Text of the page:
For small businesses that accept credit card payments, they will only receive a 1099-K if they meet the annual processing activity, including a volume of over $20,000 and more than 200 individual transactions.

As a side note, these activity requirements change starting with the 2022 tax year, though it will not affect 2021 taxes.

Important: Don’t double count income. If your client paid you by credit card, you might receive both a 1099-NEC and 1099-K for the same work. Some clients don’t know that 1099-NECs are only for cash payments.

IRS Form 1099-K for 2021

Download the 1099-K form for 2021 here.

4. 1099-INT:  This form reports any interest paid to you or that you paid to someone else for more than $10.

For example, if you have a high-yield savings account with a large enough balance to pay out more than $10 of interest in a year, you will receive a 1099-INT.

IRS Form 1099-INT for 2021

Download the 1099-INT form for 2021 here.

What do I need to bring for my tax appointment?

It’s important you bring all the essential items to your tax appointment to ensure that your CPA files your taxes accurately and there isn’t a delay with your return. 

Personal documents

In terms of personal documents, you’ll need the following:

  • Valid photo ID
  • Social security cards, verification letters, or ITIN assignment letters for you and your business partners (if applicable)
  • 2-3 years prior tax returns, if available

Business documents

To file your business tax return correctly, be sure to bring these things with you:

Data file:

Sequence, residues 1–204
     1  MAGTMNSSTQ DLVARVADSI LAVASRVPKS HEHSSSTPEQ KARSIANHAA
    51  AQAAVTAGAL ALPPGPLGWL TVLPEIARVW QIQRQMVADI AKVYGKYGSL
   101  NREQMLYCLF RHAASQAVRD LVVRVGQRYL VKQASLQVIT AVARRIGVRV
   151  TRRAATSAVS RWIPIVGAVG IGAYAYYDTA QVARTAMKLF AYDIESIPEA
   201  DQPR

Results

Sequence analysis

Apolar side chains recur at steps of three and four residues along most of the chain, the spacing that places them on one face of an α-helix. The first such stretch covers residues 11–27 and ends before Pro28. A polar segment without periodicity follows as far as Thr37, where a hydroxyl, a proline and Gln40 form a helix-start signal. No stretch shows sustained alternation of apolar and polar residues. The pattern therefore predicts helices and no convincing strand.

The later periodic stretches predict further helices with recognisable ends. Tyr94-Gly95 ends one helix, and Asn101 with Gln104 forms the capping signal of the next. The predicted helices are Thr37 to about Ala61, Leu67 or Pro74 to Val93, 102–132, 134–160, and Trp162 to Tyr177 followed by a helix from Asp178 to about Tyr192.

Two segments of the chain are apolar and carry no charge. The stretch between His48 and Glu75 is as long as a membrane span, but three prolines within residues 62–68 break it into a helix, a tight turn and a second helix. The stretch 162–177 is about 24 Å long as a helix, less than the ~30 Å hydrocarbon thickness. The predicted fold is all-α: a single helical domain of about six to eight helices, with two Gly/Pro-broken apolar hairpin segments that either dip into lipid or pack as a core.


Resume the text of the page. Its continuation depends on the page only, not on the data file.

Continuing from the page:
What happens if I don’t receive my forms?

For the self-employed dealing with 1099s, there may be cases in which you don’t receive one when you think you should.

Some common reasons you may not receive a 1099 include:

  • Not meeting the minimum requirements (such as receiving more than $600 on a 1099-NEC or the $20,000/200 transaction requirements for a 1099-K)
  • The business owner forgot to send you one

You still have to report the income you earned to the IRS in both cases. Failure to do so could result in fines and other problems you may not wish to deal with as a business owner or freelancer. 

Even if you only made $400 running errands for people through DoorDash, make sure you report the income. It will save you a lot of trouble in the long run.

Tax season can feel a little daunting when you have a bunch of new tax forms to consider, but the longer you work for yourself, the easier this becomes. 

Plus, if you decide to hire a CPA, they can walk you through the process, making it even easier. All you’ll have to do is keep up with your tax documents and information, take them to your CPA, and sit back as they do the work for you.

Melissa Pedigo, CPA and writer on the Lili Blog

Written by
Melissa Pedigo

Melissa Pedigo has been a CPA for over 20 years. Now a full-time writer with a vast knowledge of U.S. tax and accounting, she’s able to write about tax and finance topics from a unique perspective…as an industry expert.

 

When she’s not writing or being an accounting nerd, you’ll find her watching and playing tennis, reading, tending to her half-grown garden, and studying foreign languages. You can find her on Twitter, Linkedin or at acpawrites.com.